Besides the fantastic paintings, the sights of Fuendetodos and Zaragoza (lovely details and close views), I absolutely love Goya’s house and notebook! And surely would very much like to taste a Tarta or Torta Goyesca! 🙂

    That damned “stats page” of WordPress is depressing, yes (not accurate, confusing, etc.), I think we can’t rely on it at all… I myself don’t pay much attention to it anymore.

    One thing is certain: Covetotop’s readers are always looking forward to reading his new posts 😉 They very much appreciate the time spent, the amount of investigation, the sharing of original – interesting – difficult to access content, and also the attention in replying to comments, in visiting and commenting and liking back…

    • Covetotop says:

      Thanks for your kind comment, Ana. I find commenting (and answering comments) even more difficult than writing a post. Moreover, I am afraid that most of the times I pretend to be funny, in good faith, when I comment, but the result is losing digital friends. Subtleties in English are beyond my reach and I tend to mess it up. So, I don’t comment very often. Neither I put likes here and there … I read, and enjoy other people’s blogs, and if I feel really confident, then I “like” and I even “comment” (hoping not to put my feet in it). Otherwise, I am a silent reader 😉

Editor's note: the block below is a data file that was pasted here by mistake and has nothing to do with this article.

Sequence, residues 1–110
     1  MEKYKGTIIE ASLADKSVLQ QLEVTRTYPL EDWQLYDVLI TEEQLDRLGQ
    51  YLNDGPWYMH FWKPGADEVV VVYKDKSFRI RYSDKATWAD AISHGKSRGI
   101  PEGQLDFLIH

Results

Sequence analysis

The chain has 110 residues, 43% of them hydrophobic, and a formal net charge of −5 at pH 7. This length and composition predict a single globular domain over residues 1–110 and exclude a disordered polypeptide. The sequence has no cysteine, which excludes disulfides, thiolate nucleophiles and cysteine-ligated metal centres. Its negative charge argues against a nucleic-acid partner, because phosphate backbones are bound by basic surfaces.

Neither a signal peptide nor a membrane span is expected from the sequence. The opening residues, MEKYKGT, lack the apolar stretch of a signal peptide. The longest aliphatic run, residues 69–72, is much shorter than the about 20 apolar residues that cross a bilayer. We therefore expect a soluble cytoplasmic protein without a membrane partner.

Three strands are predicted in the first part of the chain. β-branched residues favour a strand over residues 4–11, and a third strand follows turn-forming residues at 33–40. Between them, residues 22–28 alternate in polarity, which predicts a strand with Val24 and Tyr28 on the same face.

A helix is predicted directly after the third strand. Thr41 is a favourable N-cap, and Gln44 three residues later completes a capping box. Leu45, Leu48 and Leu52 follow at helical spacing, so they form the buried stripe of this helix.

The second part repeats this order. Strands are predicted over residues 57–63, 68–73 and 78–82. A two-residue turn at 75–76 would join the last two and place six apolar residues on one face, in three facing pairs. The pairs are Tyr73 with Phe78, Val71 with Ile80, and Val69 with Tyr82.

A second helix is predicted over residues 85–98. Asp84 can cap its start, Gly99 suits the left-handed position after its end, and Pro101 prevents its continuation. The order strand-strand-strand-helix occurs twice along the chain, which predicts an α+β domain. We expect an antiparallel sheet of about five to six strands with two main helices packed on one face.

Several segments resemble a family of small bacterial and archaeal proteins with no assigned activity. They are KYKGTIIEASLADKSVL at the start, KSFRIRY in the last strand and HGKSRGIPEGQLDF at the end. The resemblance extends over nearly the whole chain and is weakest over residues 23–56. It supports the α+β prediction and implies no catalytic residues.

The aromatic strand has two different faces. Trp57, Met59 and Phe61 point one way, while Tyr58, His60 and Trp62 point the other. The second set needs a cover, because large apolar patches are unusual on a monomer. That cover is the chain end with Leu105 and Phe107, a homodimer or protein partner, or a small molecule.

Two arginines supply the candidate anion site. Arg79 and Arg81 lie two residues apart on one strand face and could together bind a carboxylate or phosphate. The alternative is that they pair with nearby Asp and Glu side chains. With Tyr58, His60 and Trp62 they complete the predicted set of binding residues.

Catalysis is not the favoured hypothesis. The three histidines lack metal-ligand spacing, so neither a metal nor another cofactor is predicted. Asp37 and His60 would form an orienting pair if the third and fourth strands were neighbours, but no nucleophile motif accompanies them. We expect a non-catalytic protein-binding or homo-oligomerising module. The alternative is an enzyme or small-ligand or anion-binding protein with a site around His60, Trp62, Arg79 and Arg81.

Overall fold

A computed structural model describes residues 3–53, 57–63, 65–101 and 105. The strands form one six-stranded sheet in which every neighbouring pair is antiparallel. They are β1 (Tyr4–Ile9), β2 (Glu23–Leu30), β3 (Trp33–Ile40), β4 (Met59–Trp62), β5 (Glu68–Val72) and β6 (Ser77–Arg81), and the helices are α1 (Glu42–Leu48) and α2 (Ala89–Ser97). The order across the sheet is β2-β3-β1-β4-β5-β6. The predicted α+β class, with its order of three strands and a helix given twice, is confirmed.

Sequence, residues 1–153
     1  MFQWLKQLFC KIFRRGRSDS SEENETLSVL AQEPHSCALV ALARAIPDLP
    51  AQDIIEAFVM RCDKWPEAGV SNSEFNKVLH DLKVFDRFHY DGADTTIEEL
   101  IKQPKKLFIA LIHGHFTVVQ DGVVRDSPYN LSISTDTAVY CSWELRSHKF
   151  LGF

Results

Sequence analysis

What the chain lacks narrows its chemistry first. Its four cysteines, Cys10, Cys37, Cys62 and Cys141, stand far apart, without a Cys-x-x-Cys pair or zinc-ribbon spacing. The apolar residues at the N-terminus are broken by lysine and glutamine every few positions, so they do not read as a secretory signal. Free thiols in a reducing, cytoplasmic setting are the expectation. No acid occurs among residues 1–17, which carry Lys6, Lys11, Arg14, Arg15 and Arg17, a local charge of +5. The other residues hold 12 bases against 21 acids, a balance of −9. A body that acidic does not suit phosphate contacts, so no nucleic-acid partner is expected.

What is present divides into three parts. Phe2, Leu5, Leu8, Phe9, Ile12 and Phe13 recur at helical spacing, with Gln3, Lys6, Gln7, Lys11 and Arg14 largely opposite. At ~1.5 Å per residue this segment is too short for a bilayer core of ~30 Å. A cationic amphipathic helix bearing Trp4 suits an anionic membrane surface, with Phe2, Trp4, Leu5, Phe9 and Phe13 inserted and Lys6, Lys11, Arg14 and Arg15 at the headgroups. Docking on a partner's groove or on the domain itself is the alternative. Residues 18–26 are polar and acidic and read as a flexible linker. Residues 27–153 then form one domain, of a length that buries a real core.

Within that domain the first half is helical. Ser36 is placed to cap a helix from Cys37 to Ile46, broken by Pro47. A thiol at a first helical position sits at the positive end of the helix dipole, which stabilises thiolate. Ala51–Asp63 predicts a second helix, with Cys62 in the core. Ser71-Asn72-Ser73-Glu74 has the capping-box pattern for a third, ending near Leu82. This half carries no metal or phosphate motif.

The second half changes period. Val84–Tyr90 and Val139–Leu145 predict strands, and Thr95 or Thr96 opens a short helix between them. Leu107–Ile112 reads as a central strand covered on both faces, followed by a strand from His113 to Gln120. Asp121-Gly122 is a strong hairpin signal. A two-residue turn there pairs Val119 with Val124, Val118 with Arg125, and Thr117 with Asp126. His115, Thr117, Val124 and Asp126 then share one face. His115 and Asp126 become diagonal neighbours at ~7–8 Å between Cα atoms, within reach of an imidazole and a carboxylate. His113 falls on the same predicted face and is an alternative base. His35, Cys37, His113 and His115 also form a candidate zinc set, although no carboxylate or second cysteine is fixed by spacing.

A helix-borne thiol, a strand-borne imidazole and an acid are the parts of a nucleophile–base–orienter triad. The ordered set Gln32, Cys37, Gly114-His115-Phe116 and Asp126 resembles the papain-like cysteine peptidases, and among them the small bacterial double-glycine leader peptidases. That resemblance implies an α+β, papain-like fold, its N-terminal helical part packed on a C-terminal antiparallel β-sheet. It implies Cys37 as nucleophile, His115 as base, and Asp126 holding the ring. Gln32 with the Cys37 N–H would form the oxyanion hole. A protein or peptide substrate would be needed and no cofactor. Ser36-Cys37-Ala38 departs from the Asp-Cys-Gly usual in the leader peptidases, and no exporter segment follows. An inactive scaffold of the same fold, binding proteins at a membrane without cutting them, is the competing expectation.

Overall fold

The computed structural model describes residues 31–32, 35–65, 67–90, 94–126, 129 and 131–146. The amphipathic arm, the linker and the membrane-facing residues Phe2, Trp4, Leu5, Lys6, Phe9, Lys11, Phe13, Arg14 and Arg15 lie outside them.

6. Aggie says:

    Goya’s Kronos is so brutish. As if he didn’t want to recognize the intelligence driving the wanton annihilation of life… Love the kitchen stove. Another blockbuster for your devoted fans.

  7. Aquila says: